- The Washington Times
Tuesday, May 10, 2011

A hearing Friday by the D.C. Government Operations Committee into the personnel practices of Mayor Vincent C. Gray features a witness list that could shed a bright light on the inner workings of his administration’s postelection hiring spree, but promises — like four previous sessions — to turn the panel’s oversight exercise into a political dead end.

Given signs that key witnesses are refusing to comply with subpoenas issued by Committee Chairwoman Mary Cheh, observers say District residents should brace themselves for a hearing — if not a final committee report — of little consequence. Lost in the rhetoric of nepotism and public integrity that has emanated from Ms. Cheh’s committee hearings is a trail of conflicting testimony and unanswered, if not unasked, questions.

Sulaimon Brown, the failed mayoral candidate who prompted the hearings with his claims of receiving a job and bag money from Gray confidante Lorraine Green and her operative, Howard Brooks, to stay in the race and trash incumbent candidate Adrian M. Fenty, has pledged to ignore Ms. Cheh’s subpoena.

Court action to enforce the subpoena would require a committee vote and approval by the full council, a Cheh staffer said on Tuesday. Based on the composition of the council and the indifference of many of its members to the hiring irregularities, such approval is far from certain.

Mr. Brooks, having signaled his intention to invoke Fifth Amendment silence, was removed from the witness list by Ms. Cheh, who cited ethical reasons. And Ms. Green, who is expected to appear, is said to be considering invoking her Fifth Amendment right when she is called to testify.

If she does so, that would leave perhaps the top three witnesses in the hiring scandal unexamined by Ms. Cheh’s committee.

Beyond the resistance of key witnesses and council members, council staffers say Ms. Cheh, Ward 3 Democrat, has a political dilemma: Mr. Gray is a political ally, and yet Ward 3 residents voted overwhelmingly for Mr. Fenty.

“Is she caught between a rock and a hard place? Yes. Has it influenced her handling of the matter? Absolutely,” said one council staffer who wished to remain anonymous because they were not authorized to speak publicly.

Another council staff member told The Washington Times that Ms. Cheh has expressed discomfort with the hearings, while signaling support for Mr. Gray and a belief that he was simply ill served by a cadre of close advisers — several of whom have been fired or have left the administration.

Yet one witness scheduled to appear on Friday, who has been largely overlooked by the committee, presents challenges to the notion that Mr. Gray was uninformed as to the irregularities of his administration’s hiring process.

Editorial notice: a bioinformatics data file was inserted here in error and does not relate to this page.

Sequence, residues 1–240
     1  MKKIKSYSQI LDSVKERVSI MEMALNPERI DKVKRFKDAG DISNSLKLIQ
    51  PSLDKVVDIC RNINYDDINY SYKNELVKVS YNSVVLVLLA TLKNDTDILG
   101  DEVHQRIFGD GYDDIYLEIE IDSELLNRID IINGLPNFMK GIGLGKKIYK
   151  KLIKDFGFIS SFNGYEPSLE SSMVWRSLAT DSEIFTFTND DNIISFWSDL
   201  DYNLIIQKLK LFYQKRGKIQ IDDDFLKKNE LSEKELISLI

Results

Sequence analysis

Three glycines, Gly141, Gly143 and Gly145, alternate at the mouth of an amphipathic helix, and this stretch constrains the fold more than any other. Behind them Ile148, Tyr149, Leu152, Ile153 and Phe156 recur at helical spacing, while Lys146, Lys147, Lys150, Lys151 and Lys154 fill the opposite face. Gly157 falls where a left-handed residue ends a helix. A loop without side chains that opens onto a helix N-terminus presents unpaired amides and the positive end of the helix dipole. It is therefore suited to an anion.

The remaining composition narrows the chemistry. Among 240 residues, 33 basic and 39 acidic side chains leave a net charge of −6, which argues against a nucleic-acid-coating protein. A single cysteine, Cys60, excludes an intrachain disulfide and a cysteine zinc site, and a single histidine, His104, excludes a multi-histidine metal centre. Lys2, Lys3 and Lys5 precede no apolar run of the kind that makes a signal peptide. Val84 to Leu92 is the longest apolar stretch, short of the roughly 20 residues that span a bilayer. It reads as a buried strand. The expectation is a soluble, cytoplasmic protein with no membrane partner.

Cherita Whiting, a former advisory neighborhood commissioner who bashed Mr. Fenty throughout the campaign and who received a $2,000 consulting fee from Mr. Gray after the election, was appointed to a special assistant job at the Department of Parks and Recreation, despite her admission to The Times that she failed to disclose a felony wire fraud conviction from 2001.

Her appointment also went ahead, according to an email from a Gray supporter, despite warnings last July to the then-council chairman that Ms. Whiting had an undisclosed criminal past. Ms. Whiting resigned from the District government in April, six weeks after the undisclosed conviction was exposed by The Times.

The Gray administration has refused to comply with Freedom of Information Act requests for redacted copies of all job applications filed by Ms. Whiting since she came home from federal prison in 2003, including one she filed before being hired by council member Phil Mendelson last year.

On Tuesday, a Cheh staff member said she was unaware whether Ms. Cheh had reviewed Ms. Whiting’s personnel file, and offered no reason for why Ms. Cheh chose not to ask questions about Ms. Whiting of former human resources director Judy Banks, who testified recently for the second time before the committee.

“I’m not sure about the documentation,” said the staffer, when asked about a purported job application that conflicts with Ms. Whiting’s admission that she never disclosed her past. “It’s something we’d like to ask Ms. Whiting.”

One member of the committee, council member David A. Catania, has warned that conflicting statements by Ms. Banks and others could amount to perjury. But Ms. Cheh has emphasized she is not conducting a criminal hearing, and is limited in her authority, particularly in light of the U.S. attorney’s interest in the matter.

“We’re just using these witnesses as examples of problems with the mayor’s hiring practices,” said a spokesperson for Ms. Cheh.

• Jeffrey Anderson can be reached at jmanderson@washingtontimes.com.

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